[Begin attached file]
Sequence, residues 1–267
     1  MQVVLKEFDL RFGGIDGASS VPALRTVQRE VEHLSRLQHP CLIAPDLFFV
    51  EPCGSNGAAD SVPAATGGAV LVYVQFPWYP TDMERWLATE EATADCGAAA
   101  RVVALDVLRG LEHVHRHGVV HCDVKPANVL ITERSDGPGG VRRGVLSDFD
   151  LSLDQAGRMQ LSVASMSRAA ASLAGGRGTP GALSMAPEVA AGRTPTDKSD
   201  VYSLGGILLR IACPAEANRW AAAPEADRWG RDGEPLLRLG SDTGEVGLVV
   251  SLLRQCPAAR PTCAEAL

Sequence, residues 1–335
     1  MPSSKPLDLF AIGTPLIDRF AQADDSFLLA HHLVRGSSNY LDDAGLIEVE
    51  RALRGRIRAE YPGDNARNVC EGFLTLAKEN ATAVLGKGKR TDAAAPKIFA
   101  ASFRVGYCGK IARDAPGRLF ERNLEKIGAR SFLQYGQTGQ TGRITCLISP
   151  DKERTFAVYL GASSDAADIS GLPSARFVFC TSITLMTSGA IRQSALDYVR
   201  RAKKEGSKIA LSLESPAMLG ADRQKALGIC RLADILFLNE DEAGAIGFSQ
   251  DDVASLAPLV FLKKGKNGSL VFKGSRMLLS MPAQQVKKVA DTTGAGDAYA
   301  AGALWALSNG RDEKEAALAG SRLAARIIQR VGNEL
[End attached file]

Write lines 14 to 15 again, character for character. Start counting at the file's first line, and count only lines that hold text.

   251  DDVASLAPLV FLKKGKNGSL VFKGSRMLLS MPAQQVKKVA DTTGAGDAYA
   301  AGALWALSNG RDEKEAALAG SRLAARIIQR VGNEL